"This is the one of the finest albums Bela Fleck has released in a long time ("Live Art" being the other finest in recent memory.)First of all, it boasts an amazing guest roster including: Sam Bush, Jerry Douglas, Stuart Duncan, Tony Rice, Mark Schatz, Vassar Clements, John Hartford, Earl Scruggs, Vince Gill, Tim O'Brien, Ricky Skaggs & more!Not all of these people appear on every song, but what a dream lineup! (The only person missing is Del McCoury!)"Tales from the Acoustic Planet 2" has a little taste of everything Fleck is known for. It has some solo banjo "Clarinet Polka", some more pensive slow numbers like "Over Grown Waltz", a little taste of the east "Katmandu", old-timey "Polka on the Banjo" and the downright weird "Do You Have Room?" From the sentimental to the sublime and from the frentic to the silly...this disc amply displays why Fleck will go down in history as one of the most innovative artists of all time. He has completely deconstructed the notion of what one can do with a banjo all while having total mastery over its more traditional use. He can do it all: traditional bluegrass, jazz, Celtic, avante-garde, Asian folk music, and the list goes on.Eventhough Bela Fleck's name is on the record, this isn't just his recording. Jerry Douglas' dobro (as always) is a welcome addition to the mix, and Sam Bush steps out for more than one nice mandolin solo. "Katmandu" showcases some of Fleck's more original ideas and "Blue Mountain Hop" shows that unique ability to take an interesting idea gleaned elsewhere to its most amazing possibilities.I've always found Bela Fleck albums hard to review (which I believe is quite a good sign.) Pick this one up, you won't be sorry."
ragamala78 | 04/04/2000
(5 out of 5 stars)
"The Bluegrass Sessions is without a doubt one of the best bluegrass albums ever made. It is true that this is not straight traditional bluegrass; there are no vocals (except for "Polka on the Banjo" and the annoying interlude, "is there room in your heart") and the progressions and melodies go far beyond the usual 1,4,5. I have several friends who were converted into being bluegrass lovers because of this album. The musicianship is first-rate with each musician among the best in the field. I am particularly touched by Jerry Douglas' playing (Katmandu, Spanish Point). Of course all of the players exhibit unreal talent on this album, particularly in the rhythm section (has anybody tried to play rhythm like Tony Rice or Sam Bush? There may be other players who can top these guys in solos (maybe not Tony, but check out Chris Thiele from Nickel Creek to see who's boss on the mandolin) but nobody can touch them rhythmically). Basically, this album will take your breath away from the start; anyone with a good ear can tell that this album is golden."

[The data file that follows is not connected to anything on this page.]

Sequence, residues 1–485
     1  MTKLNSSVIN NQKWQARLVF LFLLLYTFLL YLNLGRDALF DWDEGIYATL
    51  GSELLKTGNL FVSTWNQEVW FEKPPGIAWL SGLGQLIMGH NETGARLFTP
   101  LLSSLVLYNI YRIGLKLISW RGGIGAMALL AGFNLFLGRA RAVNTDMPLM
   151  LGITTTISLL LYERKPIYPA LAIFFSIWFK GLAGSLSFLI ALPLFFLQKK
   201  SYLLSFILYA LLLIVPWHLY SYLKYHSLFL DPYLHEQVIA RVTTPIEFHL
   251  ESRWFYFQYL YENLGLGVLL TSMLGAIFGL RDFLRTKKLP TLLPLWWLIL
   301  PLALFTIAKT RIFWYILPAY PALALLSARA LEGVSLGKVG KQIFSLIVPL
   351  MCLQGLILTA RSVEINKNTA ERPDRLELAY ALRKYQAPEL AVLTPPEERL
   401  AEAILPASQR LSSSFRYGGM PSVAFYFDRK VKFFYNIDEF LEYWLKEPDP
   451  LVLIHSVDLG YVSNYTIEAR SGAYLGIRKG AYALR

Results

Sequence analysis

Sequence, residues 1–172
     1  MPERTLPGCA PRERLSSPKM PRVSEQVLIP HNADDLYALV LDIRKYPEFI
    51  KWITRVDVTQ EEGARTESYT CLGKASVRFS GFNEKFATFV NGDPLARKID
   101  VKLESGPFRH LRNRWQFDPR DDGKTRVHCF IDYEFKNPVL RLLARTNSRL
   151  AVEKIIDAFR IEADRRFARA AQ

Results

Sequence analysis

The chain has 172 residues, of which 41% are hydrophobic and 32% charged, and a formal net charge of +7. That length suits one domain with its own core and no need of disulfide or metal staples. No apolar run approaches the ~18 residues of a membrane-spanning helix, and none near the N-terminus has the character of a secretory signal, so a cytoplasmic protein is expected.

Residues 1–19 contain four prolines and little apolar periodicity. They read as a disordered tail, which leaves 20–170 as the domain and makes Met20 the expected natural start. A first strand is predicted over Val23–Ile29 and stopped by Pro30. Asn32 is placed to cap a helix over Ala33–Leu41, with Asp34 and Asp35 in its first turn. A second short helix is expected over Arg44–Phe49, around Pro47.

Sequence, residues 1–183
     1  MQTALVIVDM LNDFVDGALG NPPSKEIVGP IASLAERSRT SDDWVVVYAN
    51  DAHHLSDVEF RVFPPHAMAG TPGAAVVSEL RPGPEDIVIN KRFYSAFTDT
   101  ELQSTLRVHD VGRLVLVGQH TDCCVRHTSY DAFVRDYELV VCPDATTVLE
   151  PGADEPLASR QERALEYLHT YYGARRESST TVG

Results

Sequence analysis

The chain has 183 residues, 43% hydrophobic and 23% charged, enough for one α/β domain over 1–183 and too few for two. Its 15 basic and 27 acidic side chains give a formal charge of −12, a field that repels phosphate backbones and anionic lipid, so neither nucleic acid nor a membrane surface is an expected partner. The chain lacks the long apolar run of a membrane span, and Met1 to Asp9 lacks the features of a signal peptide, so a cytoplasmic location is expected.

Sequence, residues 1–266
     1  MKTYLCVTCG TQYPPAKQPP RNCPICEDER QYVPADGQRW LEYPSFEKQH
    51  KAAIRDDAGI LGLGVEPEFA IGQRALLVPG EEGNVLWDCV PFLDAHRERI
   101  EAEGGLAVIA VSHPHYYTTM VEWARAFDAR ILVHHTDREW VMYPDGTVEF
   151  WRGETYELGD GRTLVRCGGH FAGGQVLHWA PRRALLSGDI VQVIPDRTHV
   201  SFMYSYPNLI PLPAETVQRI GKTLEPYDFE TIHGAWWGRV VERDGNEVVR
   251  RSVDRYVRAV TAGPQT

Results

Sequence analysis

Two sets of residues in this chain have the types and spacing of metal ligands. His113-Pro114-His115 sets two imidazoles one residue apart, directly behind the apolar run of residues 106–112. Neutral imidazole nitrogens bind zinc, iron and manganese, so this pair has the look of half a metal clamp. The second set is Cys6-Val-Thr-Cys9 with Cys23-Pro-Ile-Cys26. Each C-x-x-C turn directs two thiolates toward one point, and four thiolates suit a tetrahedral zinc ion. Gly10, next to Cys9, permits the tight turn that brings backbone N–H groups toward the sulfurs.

The Bela I Love to Hear
Gary Popovich | Chesterfield, VA USA | 11/29/2001
(5 out of 5 stars)
"Ever since his days as a teen-age banjo-picking phenom/enfant terrible, Bela Fleck has at the center of the newgrass vs. traditional bluegrass storm. He has taken the 5-string banjo to places heretofore unknown - bebop, rock, classical, and his unique musical vision that is The Flecktones. When Fleck applies his astonishing technique and compositional skills in a purely acoustic setting, it's a cause for celebration. Such is the case with "Tales From the Acoustic Planet, Vol. 2." Bela assembles a terrific supporting band - Jerry Douglas, Tony Rice, old Tasty Licks buddy Mark Schatz, and the underrated Stewart Duncan - that delivers driving, haunting bluegrass music. I don't listen to this CD every day, but it's impossible for me to go through a day without "Buffalo Nickel" and "When Joy Kills Sorrow" running through my mind. At its best, the ensemble playing approaches that of "Strength in Numbers, with the exception of having Bela more out in front. Certainly there's nothing wrong with that. Bela also takes time to duet with Earl Scruggs on Earl's "Foggy Mountain Special" - this turns out to be great fun for both of these 5-string masters.Still, this wouldn't be a Bela Fleck CD without some non-"grass" musical exploration; thus the inclusion of "Polka on the Banjo" (the only vocal, warmly and humourously delivered by the late John Hartford)and the truly remarkable "Clarinet Polka". In my humble view, this is Bela's finest effort. Hope you agree."